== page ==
By Ray Downs
By Lindsay Toler
By Lindsay Toler
By Chad Garrison
By Allison Babka
By Lindsay Toler
By Jake Rossen
By Lindsay Toler
It's a good thing the days of duels at 20 paces are over -- otherwise Manuel Pacheco, president of the University of Missouri system, and Dennis Judd, political-science prof and presiding officer of the UM-St. Louis Faculty Council, might be polishing up their pistols and looking for seconds. Maybe it's just as well for Judd that he has one foot out the door, heading this fall to a new gig at the University of Illinois at Chicago.
Unlike the letters Pacheco and Judd have exchanged over the last month, the details of the spat are a bit drab. This brushfire has to do with how the early-retirement program was offered and administered at UM-St. Louis (the name the university types want to use for what everyone else, including Pacheco, calls UMSL, pronounced "um-sell"). At the center of the caustic correspondence is Blanche Touhill, the UM-St. Louis chancellor who previously was the target of much faculty grief over her plan to build a $40 million performing-arts center on campus. Faculty saw it as a Taj Mahal project and a huge, costly mistake when other fiscal needs on campus were going unfulfilled.
This most recent flap began as faculty discovered that several top administrators were able to take early retirement and keep working, thereby reaping a financial benefit. The Faculty Council cried foul, because they thought faculty members weren't allowed the same option. That perceived slight, reported in this space a while back, prompted the Faculty Council on April 6 to pass a resolution expressing no confidence that the early-retirement rules were being administered consistently. The council wanted to know how the program was administered, charging that "it heavily favored a small number of administrators closely identified with the Chancellor and was unfairly biased against the faculty in general."
Judd dashed off a letter to Pacheco on April 12 about the resolution, and on April 18 Pacheco responded, saying he would not recommend an investigation by the Board of Curators. In a May 5 reply, Judd wrote Pacheco that the university president's letter "took me by surprise, inasmuch as it contains inaccuracies that one would not expect to find in such a letter." At the end, Judd told Pacheco that his recommendation to take the matter up with Touhill or her "designee" was "a complete abdication of responsibility on your part. Regretfully, I have come to agree with my colleagues on the Faculty Council who expressed skepticism that you would dispassionately consider complaints about how the (early retirement) program was administered." Then, in a last-sentence blow to the solar plexus, Judd said he was copying the letter to Missouri Auditor Claire McCaskill.
Well, then things got a bit ugly.
A May 11 letter written by Pacheco started off by saying Judd shouldn't have been surprised by Pacheco's refusal to investigate the program, then added, "Your apparent obsession to 'nail the chancellor' may have caused you to overlook a number of important matters."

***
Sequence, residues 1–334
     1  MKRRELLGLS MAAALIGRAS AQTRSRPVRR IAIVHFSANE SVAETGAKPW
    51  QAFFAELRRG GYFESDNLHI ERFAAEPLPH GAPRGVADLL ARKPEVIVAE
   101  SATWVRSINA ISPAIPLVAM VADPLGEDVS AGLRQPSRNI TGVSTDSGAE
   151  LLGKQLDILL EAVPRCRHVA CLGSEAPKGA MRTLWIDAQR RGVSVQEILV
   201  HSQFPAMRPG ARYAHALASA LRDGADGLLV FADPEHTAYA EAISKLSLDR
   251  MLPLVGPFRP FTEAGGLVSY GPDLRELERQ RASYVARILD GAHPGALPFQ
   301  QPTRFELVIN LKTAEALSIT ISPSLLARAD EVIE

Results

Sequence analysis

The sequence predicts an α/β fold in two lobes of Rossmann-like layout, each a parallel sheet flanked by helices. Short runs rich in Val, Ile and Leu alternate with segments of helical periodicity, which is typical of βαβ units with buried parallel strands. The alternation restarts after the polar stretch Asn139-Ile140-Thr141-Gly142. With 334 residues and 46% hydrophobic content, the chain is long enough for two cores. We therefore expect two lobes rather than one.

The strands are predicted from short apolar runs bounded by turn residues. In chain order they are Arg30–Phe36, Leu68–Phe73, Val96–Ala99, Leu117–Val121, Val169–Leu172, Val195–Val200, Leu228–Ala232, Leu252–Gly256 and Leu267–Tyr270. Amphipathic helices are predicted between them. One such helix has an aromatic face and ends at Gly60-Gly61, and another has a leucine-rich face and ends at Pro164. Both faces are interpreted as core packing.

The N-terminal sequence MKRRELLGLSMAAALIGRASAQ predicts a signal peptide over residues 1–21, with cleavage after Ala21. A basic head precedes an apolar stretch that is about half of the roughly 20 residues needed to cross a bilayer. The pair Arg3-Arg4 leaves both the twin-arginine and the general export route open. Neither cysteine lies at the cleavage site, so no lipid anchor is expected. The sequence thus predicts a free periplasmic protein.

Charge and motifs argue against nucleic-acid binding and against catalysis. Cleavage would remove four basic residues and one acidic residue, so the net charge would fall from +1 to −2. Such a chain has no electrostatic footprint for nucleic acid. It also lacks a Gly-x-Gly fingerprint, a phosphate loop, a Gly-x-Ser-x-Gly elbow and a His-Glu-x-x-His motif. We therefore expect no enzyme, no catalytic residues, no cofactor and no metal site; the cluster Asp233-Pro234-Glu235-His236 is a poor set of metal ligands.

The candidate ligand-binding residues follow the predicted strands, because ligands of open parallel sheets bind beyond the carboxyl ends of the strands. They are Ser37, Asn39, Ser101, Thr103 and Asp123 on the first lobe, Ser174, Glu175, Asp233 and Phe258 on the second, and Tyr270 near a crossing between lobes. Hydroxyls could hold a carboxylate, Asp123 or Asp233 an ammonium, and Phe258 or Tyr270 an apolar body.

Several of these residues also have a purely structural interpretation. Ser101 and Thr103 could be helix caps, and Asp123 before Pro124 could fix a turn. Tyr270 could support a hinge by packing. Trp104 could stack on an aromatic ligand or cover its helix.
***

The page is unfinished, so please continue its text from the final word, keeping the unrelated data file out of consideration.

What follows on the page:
After citing his point-by-point disagreement with Judd, Pacheco hurled this back: "I believe that it is you and not I who abdicated a responsibility to be objective about UMSL and its leadership." The president then praised Touhill for her "vision, energy, resourcefulness and dedication." Pacheco stated that he was copying his letter to McCaskill because Judd had "chosen to unnecessarily involve the State Auditor in this imbroglio." Pacheco said he hoped that McCaskill would recognize "this is simply a continuation of past efforts to denigrate Chancellor Touhill and others, and not worthy of her time and energy."
On May 12, Judd dashed off another note to Pacheco, saying, "I find it regrettable that you have chosen to personalize this matter by making unfounded attacks on my motivations and character. Perhaps you should consider whether it reflects well upon the University of Missouri for you to respond with invective to a legitimate expression of faculty concerns." Judd closed by telling Pacheco he would not "respond to your letter in kind."
Gee, that's too bad -- the level of vitriol was improving.
WHASSUP WITH THE LEMON SQUEEZER? The first mistake was reading the label. Ten minutes before closing time in the walk-in cooler of the Shop N' Save at Chippewa and Kingshighway, we found this display for some new fruity-tooty lemon-flavored beer. What manner of hoax is this, a shopper might ask.
It looks like a microbrewed product, but it's got a cardboard display all to itself. It's called "Doc" Otis' Hard Lemon Flavored Malt Beverage. A sixer costs $5.29, which hints that the price may be so "low" as a result of economies of scale and that it may not be a microbrewed product, because often they're a bit more pricey. Ah, yes. Beneath the logo of a Wild West "Doc" Otis, in the fine print, there it is: Anheuser-Busch, St. Louis, Mo.
That's not so bad, or surprising -- Ice House and Red Dog are owned by Miller Brewing, which is owned by Philip Morris, which is owned by -- wait, that's it. So many of these stealth beers try to fly beneath the radar and hide their Big Brother owners. The only funny, or sad, part of the "Doc" Otis mythology is to be found on the back label. The marketers have come up with a synthetic tale of how "Doc," who never existed, in 1878 brought lemon trees to California and had a girlfriend "named Linda, his favorite lemon squeezer." Oh my, we know what that means, and it's got nada to do with lemonade.